When I was very young, my family was really poor too. Over the years, my parents were able to increase the family income and they invested well. I remember there being very little food in the house and learning that when there was food, you stretched it as far as you could. I took those lessons with me and they served me well and still do. I still try to stretch our food and I now keep a very deep pantry. Food insecurity is a real fear for me.

      Be blessed!

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  13. I have a monthly grocery budget of $75 and I think I manage very well on that to feed myself. I think we are more careful with our spending when the money comes out of our own pocket. One of my friends works at a grocery store and she has seen all what you describe and more.

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    1. I believe you are right about that Bless!

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  14. When I was a kid we got commodity food for a few months when dad got knocked off a loading dock at work and shattered his knee cap. Mom stretched that food so much and it was good food you just had to cook it. I have an old Commodity Food Cook booklet that they used to give out to teach you house to use the stuff like bulgar and corn meal, etc.... I love that little booklet. Full of recipes for good basic food.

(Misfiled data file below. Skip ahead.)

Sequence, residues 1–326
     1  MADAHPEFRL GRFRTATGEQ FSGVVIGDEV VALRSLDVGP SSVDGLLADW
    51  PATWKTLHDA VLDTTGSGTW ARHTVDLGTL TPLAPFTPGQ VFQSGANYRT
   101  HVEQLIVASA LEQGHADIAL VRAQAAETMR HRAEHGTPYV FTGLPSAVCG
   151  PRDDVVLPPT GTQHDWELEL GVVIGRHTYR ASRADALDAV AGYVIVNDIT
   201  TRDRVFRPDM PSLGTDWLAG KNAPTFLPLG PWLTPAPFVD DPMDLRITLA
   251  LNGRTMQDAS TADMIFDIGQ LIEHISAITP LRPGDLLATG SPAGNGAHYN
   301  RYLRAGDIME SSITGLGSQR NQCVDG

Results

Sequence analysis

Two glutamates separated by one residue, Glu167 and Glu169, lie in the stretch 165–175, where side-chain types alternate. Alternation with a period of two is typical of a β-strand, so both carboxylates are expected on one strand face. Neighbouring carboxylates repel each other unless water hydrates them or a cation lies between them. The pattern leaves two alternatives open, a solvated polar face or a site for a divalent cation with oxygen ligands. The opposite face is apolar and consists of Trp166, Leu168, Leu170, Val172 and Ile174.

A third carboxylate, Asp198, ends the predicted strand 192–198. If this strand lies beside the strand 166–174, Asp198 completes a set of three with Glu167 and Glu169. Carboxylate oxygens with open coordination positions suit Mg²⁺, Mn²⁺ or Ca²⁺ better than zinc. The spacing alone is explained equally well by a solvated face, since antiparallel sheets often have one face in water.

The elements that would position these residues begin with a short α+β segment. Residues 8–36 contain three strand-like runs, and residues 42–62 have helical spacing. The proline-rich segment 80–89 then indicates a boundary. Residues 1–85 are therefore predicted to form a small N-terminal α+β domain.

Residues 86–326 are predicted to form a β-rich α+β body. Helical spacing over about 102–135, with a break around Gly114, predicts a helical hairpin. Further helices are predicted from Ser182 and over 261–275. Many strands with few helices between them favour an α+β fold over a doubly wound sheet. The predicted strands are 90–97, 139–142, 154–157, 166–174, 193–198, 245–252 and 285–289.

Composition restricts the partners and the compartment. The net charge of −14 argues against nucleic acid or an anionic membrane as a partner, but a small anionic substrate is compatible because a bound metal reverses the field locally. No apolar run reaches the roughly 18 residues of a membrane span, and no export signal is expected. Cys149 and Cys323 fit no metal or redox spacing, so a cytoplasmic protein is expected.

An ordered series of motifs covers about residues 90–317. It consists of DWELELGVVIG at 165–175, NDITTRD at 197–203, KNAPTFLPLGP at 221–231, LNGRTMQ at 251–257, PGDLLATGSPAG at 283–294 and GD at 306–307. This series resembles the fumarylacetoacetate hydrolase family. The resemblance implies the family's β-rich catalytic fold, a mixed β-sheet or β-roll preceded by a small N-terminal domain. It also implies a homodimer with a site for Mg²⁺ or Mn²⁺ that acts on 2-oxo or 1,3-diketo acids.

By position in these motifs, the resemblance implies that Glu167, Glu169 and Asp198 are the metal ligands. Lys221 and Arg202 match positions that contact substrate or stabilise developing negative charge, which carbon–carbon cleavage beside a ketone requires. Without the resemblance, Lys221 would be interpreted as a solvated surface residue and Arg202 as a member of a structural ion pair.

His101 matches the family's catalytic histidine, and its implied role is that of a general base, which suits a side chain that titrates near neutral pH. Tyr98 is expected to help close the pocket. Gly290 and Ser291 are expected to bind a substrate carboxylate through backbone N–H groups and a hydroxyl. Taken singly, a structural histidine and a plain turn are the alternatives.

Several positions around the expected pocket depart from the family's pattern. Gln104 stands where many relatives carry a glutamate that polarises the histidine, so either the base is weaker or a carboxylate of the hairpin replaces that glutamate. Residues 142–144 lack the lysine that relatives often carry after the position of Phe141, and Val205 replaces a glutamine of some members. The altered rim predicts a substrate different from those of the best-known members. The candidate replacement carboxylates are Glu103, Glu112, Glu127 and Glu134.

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    1. Crystal, I wish they would still give out those kinds of books. I really do think they would help. :)

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  15. I travelled over here after reading Bless’s blog. I'm interested in what you have all written, although it's a bit different in the UK. Food banks have appeared everywhere over the last few years though and many supermarkets have containers where you can donate items.

    I was born after the war in the late 1940’s when not only was there very little money about, but rationing continued until 1954.